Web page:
Several other reports from international human rights groups echo the same concerns about extrajudicial killings in the Philippines. These include reports from groups like Amnesty International, Human Rights Watch, Human Rights First, and the Asian Human Rights Commission. Even the Philippine government-appointed independent commission to address “media and activist killings,” otherwise known as the Melo Report, has pointed to the need for the Philippine government to take firmer action to resolve the killings. The Filipino People Deserve our Solidarity and Action  
Of the many reports, we welcome especially “Let the Stones Cry Out: An Ecumenical Report on Human Rights in the Philippines and a Call to Action” released by the ecumenical and non-governmental community in the Philippines, led by the National Council of Churches in the Philippines, whose production and distribution was led and supported by a couple of general agencies of our church.  
“This report articulates the protests and indignations of human rights organizations, Church and faith institutions, civil libertarians, justice and peace advocates, parliamentarians, numerous fact-finding missions, multilateral organizations as well as a number of foreign governments and their agencies all over the world on the spate of extra-judicial killings, enforced disappearances, torture, threats and harassment, and other violations of human rights. Their collective call – ‘Stop the killings!’ – is addressed to the government of President Gloria M. Arroyo given its inadequate action over the deteriorating human rights situation and despite persistent calls for investigation, prosecution and adjudication of the alleged perpetrators of these politically-motivated crimes.”  
We share with the ecumenical community in the Philippines the perspective posed and the burden of the question raised in the ecumenical report’s preface: “Something is wrong when members of the clergy and lay missionaries are being silenced when they are deeply engaged in missions that address the concerns of their constituencies – and the Philippine society as a whole. Something is wrong when members of the church and faith institutions are killed, go missing or arrested while pursuing their calling to bring about justice closer to the poor, to fight for their rights, and advocate peace in a society that is torn asunder by armed conflicts fueled by structural problems. Of greater alarm is that the gross and systematic attacks on these pilgrims of peace and servants of God are forcing their institutions to an inevitable clash with the State....”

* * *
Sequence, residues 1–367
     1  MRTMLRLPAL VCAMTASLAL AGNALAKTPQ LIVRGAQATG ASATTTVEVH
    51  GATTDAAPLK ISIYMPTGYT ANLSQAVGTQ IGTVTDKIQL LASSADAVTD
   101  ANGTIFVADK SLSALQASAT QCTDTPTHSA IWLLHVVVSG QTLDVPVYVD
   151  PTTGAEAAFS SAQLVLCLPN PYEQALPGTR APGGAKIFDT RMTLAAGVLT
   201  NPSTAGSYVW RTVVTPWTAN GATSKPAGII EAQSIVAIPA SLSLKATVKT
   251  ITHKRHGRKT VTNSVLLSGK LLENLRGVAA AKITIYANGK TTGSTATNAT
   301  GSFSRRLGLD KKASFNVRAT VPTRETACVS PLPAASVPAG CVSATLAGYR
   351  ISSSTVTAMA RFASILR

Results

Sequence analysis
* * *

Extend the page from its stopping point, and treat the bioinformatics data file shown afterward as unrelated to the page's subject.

We issue this statement not only to support the ecumenical report from the Philippines and the direction in which its call to action points. We issue this statement because the struggle for human rights in the Philippines is at a point when our solidarity and accompaniment, as we have expressed in many ways and many times in the past, are crucial and needed even more so today.  
We Commit to Action with Resolve and Dispatch  
Filipino faith communities and other citizens continue to address the situation in the Philippines. And the Philippine judiciary has taken the cudgels for them—ensuring that the rule of law is going to be biased towards a universal adherence and practice of human rights. In a very laudable effort by the Chief Justice of the Supreme Court of the Philippines, a “National Consultative Summit on Extrajudicial Killings and Enforced Disappearances—Searching for Solutions”—was conducted. In his opening remarks, Chief Justice Reynato Puno stated: “The time has come to say less and do more...(I)n the crusade to protect constitutional rights there is o room for neutrality. They who seek to remain in the safety of the sidelines when human rights are under assault shall be condemned by history into irrelevance.”  
General boards and agencies of The United Methodist Church have addressed the human rights situation in the Philippines in a variety of ways and venues, including providing leadership to t he Philippine Working Group (PWG), which helped produce the ecumenical human rights report and supported the itineration of a Philippine ecumenical delegation called “Ecumenical Voice for Human Rights and Peace in the Philippines.” This ecumenical voice has since expanded its membership and its voice is ever more heard in the Philippines.  
The PWG was also instrumental in the holding of a US House of Representatives briefing and a US Senate hearing on March 14, 2007. United Methodists in California played a crucial role in getting Senator Barbara Boxer (D-CA) and Rep. Tom Lantos (D-CA) to hold these watershed meetings by the US Congress. Our church also helped secure meetings with the US State Department and key congressional offices to raise concerns about the Philippine human rights situation. Our church, through a number of its boards and agencies, also accompanied the ecumenical delegation in submitting the ecumenical report to a variety of United Nations-related offices in Geneva, Switzerland, especially the United Nations Human Rights Council, the Office of the UN High Commissioner for Human Rights, on Indigenous Peoples, and on the promotion and protection of human rights while countering terrorism.